Is Social Pain Real Pain?

Research shows that hurt feelings activate the same brain areas as physical pain

Posted Apr 25, 2017

Fred Sweet/Shutterstock
Source: Fred Sweet/Shutterstock

Does being burned by negative feedback physically hurt? Do broken hearts actually feel broken? Do actions that hurt our feelings cause real pain, or is psychological pain just an analogy? Is it a linguistic coincidence that when our psyche hurts, we use "pain" words to describe how we feel?

These questions are no longer just for philosophers and poets to entertain. Scientists now have some answers, thanks to new technology. We know that rejection and isolation are painful to our social brains. In fact, compromising any valuable social connection feels “painful.” Naomi Eisenberger of UCLA found that the neural circuitry for physical and social pain overlap (1). Her lab demonstrated this overlap from a variety of converging methodologies — behavioral, genetic, and neuroimaging.

A physical pain experience has two components (2). The first is a sensory component — for example, “having throbbing pain in lower right leg that lasts for a few minutes.” So, it includes location, intensity, and duration. The other component is affective — the emotional side of pain. Being in pain does not "feel" good and evokes emotions that reflect that inner state, such as sadness, anger, or fear. It is not surprising that a person suffering from chronic pain might also develop depression and/or anxiety. These secondary conditions can intensify and prolong physical pain. But depression can also induce its own pain. In other words, depression hurts, even in the absence of any preceding physical pain, and has been associated with somatic symptoms such as general body pain (3).

One way to demonstrate that the body and mind feel pain the same way is to look for shared activation in the brain. Of particular interest is the second component, the emotional aspect of physical pain. Many fMRI studies have shown that the distressing unpleasant feelings of physical pain are processed in the dorsal anterior cingulate cortex (dACC) and the anterior insula (AI) (4).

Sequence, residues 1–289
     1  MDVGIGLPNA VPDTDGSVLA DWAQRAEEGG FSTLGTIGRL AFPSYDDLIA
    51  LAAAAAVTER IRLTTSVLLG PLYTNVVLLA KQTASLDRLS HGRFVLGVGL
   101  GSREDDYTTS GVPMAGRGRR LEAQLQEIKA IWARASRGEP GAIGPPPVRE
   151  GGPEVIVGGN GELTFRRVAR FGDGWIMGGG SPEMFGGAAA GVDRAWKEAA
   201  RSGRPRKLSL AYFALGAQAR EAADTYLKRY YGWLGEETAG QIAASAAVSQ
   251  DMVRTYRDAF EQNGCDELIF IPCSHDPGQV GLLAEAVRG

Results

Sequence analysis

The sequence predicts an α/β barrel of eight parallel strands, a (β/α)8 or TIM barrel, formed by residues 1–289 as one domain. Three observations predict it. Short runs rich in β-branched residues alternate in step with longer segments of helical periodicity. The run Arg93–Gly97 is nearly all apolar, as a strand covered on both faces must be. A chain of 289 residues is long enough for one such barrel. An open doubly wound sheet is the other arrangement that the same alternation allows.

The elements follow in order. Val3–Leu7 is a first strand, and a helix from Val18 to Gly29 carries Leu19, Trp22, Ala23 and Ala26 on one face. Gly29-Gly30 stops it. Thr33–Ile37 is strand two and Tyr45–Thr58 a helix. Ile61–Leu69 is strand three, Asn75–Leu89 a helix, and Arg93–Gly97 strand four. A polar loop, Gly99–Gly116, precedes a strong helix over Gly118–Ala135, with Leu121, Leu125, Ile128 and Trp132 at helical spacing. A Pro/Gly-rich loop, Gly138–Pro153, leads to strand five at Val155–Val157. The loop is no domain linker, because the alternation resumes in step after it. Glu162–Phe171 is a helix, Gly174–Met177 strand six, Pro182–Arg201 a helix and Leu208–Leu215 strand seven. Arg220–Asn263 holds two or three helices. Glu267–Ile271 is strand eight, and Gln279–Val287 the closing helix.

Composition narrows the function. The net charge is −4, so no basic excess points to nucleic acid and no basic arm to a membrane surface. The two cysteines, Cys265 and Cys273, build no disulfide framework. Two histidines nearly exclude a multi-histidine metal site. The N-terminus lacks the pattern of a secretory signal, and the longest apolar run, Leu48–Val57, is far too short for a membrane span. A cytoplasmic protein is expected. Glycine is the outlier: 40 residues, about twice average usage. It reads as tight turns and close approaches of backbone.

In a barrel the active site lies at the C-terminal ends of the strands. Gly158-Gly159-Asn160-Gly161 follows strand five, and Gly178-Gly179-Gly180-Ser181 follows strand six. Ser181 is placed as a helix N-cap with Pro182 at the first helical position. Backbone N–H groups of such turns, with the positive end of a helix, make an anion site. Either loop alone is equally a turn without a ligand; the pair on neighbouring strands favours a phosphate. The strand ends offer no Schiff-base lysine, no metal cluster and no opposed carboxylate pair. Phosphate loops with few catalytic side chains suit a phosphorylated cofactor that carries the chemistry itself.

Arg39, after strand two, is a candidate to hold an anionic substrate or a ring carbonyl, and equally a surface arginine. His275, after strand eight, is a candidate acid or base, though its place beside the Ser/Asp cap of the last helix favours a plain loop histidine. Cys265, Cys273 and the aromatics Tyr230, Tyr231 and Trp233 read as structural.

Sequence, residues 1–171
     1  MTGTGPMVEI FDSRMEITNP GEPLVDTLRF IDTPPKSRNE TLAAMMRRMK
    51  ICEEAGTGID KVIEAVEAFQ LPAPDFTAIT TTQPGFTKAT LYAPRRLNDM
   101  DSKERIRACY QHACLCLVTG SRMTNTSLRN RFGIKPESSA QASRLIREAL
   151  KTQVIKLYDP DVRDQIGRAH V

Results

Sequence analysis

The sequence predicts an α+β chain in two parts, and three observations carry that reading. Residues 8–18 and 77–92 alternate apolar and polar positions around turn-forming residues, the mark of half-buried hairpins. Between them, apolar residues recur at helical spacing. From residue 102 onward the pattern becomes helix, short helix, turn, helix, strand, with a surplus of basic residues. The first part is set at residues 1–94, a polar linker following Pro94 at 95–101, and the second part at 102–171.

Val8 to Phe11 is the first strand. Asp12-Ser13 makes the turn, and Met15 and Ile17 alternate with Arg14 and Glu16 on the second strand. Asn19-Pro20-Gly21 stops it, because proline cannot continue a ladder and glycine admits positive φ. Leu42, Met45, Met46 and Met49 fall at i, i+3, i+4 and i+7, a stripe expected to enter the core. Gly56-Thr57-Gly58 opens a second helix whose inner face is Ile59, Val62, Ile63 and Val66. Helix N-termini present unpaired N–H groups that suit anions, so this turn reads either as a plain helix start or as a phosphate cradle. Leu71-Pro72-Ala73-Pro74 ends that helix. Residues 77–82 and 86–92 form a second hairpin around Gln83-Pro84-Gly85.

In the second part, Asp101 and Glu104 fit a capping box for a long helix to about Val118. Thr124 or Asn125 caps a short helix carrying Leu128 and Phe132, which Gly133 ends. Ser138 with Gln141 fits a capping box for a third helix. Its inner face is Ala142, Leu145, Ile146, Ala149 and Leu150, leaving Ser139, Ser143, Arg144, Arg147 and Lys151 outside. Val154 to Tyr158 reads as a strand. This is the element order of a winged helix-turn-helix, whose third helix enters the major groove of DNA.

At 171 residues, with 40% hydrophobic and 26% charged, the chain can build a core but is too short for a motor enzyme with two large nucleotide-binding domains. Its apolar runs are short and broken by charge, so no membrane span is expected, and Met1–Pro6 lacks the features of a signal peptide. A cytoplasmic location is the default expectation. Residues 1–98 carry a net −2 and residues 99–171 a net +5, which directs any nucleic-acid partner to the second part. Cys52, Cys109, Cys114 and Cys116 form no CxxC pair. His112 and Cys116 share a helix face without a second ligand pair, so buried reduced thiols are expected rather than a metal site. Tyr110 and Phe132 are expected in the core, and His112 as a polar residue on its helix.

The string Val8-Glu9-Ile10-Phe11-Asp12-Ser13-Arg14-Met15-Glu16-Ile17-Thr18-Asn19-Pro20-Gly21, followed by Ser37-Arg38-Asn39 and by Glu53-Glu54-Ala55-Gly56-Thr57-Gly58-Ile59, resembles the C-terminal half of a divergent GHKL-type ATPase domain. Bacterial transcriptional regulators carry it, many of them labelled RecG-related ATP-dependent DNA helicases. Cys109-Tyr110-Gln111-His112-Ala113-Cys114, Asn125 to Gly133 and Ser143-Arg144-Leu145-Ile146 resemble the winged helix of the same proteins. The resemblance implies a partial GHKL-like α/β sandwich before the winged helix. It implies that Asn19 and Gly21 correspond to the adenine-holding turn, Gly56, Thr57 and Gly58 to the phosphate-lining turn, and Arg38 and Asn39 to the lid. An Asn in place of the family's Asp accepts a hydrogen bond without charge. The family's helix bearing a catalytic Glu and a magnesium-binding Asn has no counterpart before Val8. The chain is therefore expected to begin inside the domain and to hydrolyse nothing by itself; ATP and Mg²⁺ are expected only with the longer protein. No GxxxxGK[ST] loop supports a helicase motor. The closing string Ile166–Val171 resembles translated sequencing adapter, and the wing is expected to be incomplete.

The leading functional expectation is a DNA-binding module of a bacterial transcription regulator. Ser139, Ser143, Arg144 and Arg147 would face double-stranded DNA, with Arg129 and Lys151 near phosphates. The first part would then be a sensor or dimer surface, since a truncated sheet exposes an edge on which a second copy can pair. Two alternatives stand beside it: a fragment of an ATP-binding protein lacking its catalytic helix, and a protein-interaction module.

The important question here is: Does social/psychological pain activate these same areas, dACC and AI? That is exactly what Eisenberger’s lab found over a series of studies (5). To induce social pain in participants as they remained still in the fMRI scanner, the researchers had them play a “Cyberball” computer game, tossing a virtual ball to other players. The participant was sometimes included in the Cyberball game and other times excluded — similar to being rejected from a social group. And in fact, being excluded from the game was associated with increased activation in the dACC and the AI, the very same areas involved in physical pain. Similar results have since been shown in other studies conducted in different labs (6).

How did the researchers know that participants felt rejected when they did not get the virtual ball? They asked them; and the stronger a participant felt social pain (e.g., "I felt meaningless"), the greater the activity in the brain areas associated with the affective component of physical pain. This positive correlation between greater activity in the dACC and/or anterior insula and greater self-reported social distress in response to social exclusion was also found in subsequent studies (7).

Do different people react differently to social pain? Are some more sensitive?

Absolutely. The amount of social support available during a socially painful event reduces activity in these brain pain-related areas (8). Another study showed an increased sensitivity in dACC and AI to social distress in people who crave acceptance and who look out for cues that signal any possible chance of rejection (also known as the anxious attachment style) (9).

There are also individual differences that stem from genetic variations in processing physical pain. For example, a polymorphism in an opioid receptor gene has been shown to be associated with physical pain sensitivity. Individuals who carry the rare G allele have a higher sensitivity to physical pain and require more pain medication to deal with pain (10).